For the devout, it’s after-death that’s the major event; mortal life is just bureaucratic idyll, time to kill until you’re green-lighted into paradise. In his exhibition ‘Flat Surface Painting’ at Bristol’s Spike Island, Michael Simpson paints what furnishes the wait: the benches, confessional boxes, minbars, and leper squints which organize the social hierarchy of a place of worship, elevating religious leaders above the idling masses and exiling ‘undesirables’ to a view from outside. Simpson empties the mosque or cathedral of its usual connotations, stripping out any reference to architectural majesty or the intricacy of relics. Religious iconography is blacked out until all that’s left is icon. Well, nearly: while the paintings are graphic-neat at a distance, carefully applied patina is revealed up close. Clean edges are self-consciously roughened up. Reference to art history abounds. Simpson cites, particularly, the pleasure of the interlocking rectangles in Vermeer’s ‘A Young Woman Standing at a Virginal’. “It’s as if he anticipates abstraction,” he says, in an interview with Dexter Dalwood. There are also hints of Donald Judd-esque volumes in his astute, geometric balance, and some surrealist influence to his occasional textual humour. But these citations are subtle, texture under the weight of Simpson’s heavy formal hand.
The asceticism of religious furnishing denies any mortal comfort; one’s body ought to be forgotten, directing mind and gaze in a heavenward tilt. Riffing on this tic of worshipful design, Simpson’s paintings close what’s human out. Their impossible physics and unreflective surfaces resist any bodily response, with the benches and confessionals hovering mid-air, the minbar reduced to an unmountable zig-zag. The ladders barely alight on their provisional ground, too tall or thin to hoist the imagined leper to the hole he must peek through in order to witness the service. Cynical of religious might, the paintings also convey discomfort with the provable world. “Gravity constantly disturbs me,” Simpson has said; as a child, he fantasized of fixing objects mid-air, of being rid of the disappointment of seeing a flung object return back to earth.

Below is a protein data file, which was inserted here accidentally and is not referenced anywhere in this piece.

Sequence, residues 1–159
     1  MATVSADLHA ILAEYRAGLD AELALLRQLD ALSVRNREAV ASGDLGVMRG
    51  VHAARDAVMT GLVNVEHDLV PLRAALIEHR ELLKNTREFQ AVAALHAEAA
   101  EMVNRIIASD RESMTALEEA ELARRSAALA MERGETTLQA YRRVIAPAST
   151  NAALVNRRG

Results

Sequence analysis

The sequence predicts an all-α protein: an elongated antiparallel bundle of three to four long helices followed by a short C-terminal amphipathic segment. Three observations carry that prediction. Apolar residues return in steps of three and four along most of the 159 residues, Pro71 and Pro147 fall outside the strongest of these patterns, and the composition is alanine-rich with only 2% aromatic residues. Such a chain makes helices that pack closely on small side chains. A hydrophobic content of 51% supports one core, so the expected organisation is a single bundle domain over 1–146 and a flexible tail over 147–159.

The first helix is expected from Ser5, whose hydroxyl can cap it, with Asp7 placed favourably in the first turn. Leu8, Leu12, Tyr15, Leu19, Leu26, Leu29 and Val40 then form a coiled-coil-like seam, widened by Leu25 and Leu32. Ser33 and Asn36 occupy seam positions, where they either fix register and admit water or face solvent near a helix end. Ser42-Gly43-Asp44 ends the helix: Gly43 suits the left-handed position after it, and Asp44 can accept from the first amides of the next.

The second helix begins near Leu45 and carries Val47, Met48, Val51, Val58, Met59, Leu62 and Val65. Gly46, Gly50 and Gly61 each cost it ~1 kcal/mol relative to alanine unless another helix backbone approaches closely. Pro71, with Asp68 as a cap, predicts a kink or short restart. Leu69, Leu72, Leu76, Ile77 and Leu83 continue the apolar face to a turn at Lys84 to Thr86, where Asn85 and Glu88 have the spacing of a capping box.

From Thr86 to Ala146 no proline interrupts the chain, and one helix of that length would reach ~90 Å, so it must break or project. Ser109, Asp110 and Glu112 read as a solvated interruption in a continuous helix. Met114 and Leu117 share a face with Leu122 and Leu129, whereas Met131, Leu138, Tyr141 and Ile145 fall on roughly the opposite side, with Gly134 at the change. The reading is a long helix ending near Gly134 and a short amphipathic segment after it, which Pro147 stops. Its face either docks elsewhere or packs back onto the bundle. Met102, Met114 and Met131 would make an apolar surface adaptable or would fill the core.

The destabilizing effect is ominous — especially in the levitating ‘Bench Paintings’, which are draped in cloth, as a coffin would be in a flag, or tipped ever so slightly by invisible weight. Some are joined on the picture plane by placards bearing texts of heretic cosmologist Giordano Bruno, Simpson’s catalysing influence for this body of work. Taking minimalist meditation down its intended path — that is, the paradoxical fullness-in-emptiness — Simpson also mires the pursuit of spiritual enlightenment in its historical brutality. Bruno’s open criticism of the Catholic Church earned him a roasting at the stake, doomed to silence in the afterlife with a palate pierced by a metal spike. The benches, reminiscent of obelisks tipped over, hint at iconoclasm in a vacuum, opening a web of referents to other forms of institutional oppression. ‘The bench’, after all, is the seat of judicial power, and Bruno’s death was but one casualty of ideological control. It’s difficult to read Simpson’s recent shift to Islamic iconography as anything but Western anxiety regarding the creation of an Islamic State. Painted empty of overt political reference, the works nonetheless underline Simpson’s long-time interest in the repression of ideas by both religion and the state. However noble, it’s a common play in a skeptical, tech- and data-driven world. Simpson’s paintings address the high stakes of making change without risking anything much themselves.